Comfortably though, I can say that this album won’t be regarded as a classic. With talent like this comes the fact that there are no stand-out crowd grabbers. Nothing that will make the Radio1 A Playlist, and in that lies what I feel is the only flaw with this record; it is a record which while being beautifully lyrically and musically on first listen, it just doesn’t stay with you. Catchy tracks are what the public want, but usually it’s a choice between that and the critical acclaim.
Here is an album that rightly went down the road for critical acclaim. Unsurprisingly, he will receive it, as this album has everything you could really ask for: stunningly haunting acoustic guitar work and fantastic lyrics. Little else can be said about this, except for that well you will find it a bit of a Marmite album, best approached with caution.
Fink’s ‘Perfect Darkness’ is available now from Ninja Tune.
Dananananaykroyd, once you figure out how to spell their name, (tip: listen to ‘Watch This!’) are, as strange as it sounds, a really quite accessible band. If you manage to catch them at one of their live dates or famous festival shows, which are notorious for their ‘wall of cuddles’, then you’ll instantly be wrapped up in their substream. Based on the incredible amount of fun to be had just listening to their first effort ‘Hey Everyone!’ back in 2009, it’s no surprise they’ve incurred such a dedicated set of fans. But that’s what coming out of a scene that has BSM, Alcopop!, DIY and Wichita all in its circle does to you.
Having taken plenty of time to fix their sound for this new record, Danana have kept in almost all the factors that made ‘Hey Everyone!’ Such an enjoyable record to listen to. Having introduced themselves in the most proper way with ‘Watch This!’, ‘Reboot’ is a powerful reminder of exactly where the Glaswegians stand. Just beyond the line of pop and just before the line of being a rock band, Danana’s new sound is more refined. In honesty, there’s not nearly much different here, so it’s entirely down to the quality of the tracks to define whether it’s worth your time. The way I see it is that if you managed to avoid boredom listening to the last album, you’ll probably get the same rush as before as this new material isn’t really a step away from anything they’ve already made, nor is it really a progression.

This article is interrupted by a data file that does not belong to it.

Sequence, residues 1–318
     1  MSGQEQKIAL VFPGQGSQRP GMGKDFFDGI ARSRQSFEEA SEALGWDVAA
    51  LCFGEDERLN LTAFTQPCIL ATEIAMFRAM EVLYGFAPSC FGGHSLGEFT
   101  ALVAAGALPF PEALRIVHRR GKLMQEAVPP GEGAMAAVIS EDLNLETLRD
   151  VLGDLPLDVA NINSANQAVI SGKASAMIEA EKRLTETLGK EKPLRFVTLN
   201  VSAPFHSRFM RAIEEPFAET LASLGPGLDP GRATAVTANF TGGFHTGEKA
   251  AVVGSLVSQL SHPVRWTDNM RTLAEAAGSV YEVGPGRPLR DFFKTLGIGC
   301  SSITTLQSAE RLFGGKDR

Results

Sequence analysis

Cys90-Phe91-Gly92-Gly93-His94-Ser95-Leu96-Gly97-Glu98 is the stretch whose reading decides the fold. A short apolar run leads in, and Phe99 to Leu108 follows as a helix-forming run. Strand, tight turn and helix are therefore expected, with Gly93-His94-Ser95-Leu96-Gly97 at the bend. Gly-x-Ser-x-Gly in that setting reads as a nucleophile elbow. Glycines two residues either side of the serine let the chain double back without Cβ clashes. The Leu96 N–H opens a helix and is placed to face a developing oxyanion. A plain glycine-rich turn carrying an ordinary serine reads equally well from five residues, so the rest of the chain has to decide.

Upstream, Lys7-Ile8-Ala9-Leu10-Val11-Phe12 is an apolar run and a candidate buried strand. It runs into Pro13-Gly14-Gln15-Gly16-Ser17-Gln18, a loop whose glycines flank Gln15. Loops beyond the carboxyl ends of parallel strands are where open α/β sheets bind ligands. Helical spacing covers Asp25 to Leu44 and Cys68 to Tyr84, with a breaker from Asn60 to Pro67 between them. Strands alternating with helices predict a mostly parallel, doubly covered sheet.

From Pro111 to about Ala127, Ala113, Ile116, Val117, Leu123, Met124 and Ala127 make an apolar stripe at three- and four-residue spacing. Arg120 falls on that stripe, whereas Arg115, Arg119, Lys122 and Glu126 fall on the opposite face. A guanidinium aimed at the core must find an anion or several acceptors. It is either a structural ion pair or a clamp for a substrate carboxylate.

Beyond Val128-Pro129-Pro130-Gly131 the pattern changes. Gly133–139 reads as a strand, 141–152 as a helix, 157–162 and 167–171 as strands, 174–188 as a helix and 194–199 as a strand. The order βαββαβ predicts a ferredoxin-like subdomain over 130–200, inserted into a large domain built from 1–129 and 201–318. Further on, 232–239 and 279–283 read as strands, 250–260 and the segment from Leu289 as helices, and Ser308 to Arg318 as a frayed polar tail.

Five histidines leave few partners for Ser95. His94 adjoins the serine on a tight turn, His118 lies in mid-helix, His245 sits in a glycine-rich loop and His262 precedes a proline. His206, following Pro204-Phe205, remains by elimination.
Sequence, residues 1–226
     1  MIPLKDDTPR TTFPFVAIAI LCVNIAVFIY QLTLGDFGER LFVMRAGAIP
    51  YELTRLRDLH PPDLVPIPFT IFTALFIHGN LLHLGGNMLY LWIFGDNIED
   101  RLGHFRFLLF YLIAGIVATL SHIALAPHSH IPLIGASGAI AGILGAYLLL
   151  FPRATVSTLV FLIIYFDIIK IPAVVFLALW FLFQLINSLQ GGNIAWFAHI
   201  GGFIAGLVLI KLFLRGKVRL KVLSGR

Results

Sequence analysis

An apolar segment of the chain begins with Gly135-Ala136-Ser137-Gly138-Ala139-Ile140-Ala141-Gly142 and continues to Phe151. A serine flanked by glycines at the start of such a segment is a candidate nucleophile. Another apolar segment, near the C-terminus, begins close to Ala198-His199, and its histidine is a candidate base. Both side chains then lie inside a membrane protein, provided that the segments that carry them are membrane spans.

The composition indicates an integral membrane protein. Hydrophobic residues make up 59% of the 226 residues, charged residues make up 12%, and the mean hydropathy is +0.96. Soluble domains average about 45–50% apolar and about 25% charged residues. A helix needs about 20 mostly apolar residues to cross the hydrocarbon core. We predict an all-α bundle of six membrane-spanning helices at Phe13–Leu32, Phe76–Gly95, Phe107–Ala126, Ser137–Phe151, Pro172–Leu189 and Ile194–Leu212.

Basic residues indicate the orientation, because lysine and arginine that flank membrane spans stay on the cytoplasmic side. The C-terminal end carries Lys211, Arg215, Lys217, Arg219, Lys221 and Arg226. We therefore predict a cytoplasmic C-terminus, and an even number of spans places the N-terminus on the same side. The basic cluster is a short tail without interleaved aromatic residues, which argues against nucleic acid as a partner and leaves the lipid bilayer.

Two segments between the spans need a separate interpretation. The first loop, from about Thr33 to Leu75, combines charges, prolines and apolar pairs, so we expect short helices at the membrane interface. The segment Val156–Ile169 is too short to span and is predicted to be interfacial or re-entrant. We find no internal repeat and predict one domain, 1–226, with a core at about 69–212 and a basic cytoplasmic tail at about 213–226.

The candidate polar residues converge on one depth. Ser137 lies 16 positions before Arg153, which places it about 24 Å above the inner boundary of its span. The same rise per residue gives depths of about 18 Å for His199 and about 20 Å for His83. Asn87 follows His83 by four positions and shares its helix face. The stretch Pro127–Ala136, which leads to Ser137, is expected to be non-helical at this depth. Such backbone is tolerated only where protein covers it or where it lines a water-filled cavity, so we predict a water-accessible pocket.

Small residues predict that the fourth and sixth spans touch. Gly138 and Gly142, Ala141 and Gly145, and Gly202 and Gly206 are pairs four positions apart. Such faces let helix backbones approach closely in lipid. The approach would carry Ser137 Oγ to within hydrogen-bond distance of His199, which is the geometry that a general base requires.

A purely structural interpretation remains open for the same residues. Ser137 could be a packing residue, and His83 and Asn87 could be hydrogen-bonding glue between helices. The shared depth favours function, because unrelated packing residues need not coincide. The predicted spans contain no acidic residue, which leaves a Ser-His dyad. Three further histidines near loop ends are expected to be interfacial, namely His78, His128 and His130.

Not that this is a bad thing however: changing their sound could have pushed them too far in a direction that could easily just make them sound like every other band trying to break the scene. The Scots have stayed loyal to themselves and tracks such as ‘Time Capsule’ could very easily be on the debut without anyone questioning it. Lead single ‘Muscle Memory’ is a definitely on the poppier, more radio-friendly side of the album, but there’s not many tracks like this. The highlights of the album come in the math-esque ‘Think and Feel’, which should easily become a highlight of their live shows, and the aptly named ‘E Numbers’ (listen and download it for free below).
The disappointment in this album comes in that aside from the first few tracks, you can’t help but think that the band are running out of ideas fast. There’s plenty of playing around with their layering and lyrical ideas; however, the extent to which this works is a bit questionable. Like so many anticipated albums this year, it could have been a great EP, but when made into an LP, you’re left wondering what the group have spent 2 years furthering themselves as a band has been left. That said, ‘Hey Everyone!’ was such a good album that to follow it with something quite as enjoyable would have been a remarkable feat. So close boys.